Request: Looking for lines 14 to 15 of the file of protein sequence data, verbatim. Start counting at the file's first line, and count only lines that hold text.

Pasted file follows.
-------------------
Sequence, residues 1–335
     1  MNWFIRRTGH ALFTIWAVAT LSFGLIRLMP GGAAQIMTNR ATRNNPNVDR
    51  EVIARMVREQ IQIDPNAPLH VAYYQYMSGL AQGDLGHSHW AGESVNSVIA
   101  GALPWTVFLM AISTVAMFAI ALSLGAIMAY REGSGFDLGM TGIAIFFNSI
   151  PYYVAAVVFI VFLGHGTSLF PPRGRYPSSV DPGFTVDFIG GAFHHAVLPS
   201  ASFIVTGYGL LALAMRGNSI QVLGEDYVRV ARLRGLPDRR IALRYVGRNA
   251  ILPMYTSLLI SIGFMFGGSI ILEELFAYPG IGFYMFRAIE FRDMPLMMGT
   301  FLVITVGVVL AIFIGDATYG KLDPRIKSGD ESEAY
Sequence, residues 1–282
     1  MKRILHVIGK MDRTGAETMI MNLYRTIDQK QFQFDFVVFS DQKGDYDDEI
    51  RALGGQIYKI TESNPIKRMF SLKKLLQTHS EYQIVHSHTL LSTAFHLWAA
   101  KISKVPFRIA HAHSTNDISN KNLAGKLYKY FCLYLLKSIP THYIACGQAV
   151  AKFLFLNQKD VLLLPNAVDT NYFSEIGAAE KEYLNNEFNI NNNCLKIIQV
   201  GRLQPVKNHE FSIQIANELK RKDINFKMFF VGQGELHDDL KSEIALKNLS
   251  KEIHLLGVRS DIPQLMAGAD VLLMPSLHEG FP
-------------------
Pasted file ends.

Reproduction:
   201  GRLQPVKNHE FSIQIANELK RKDINFKMFF VGQGELHDDL KSEIALKNLS
   251  KEIHLLGVRS DIPQLMAGAD VLLMPSLHEG FP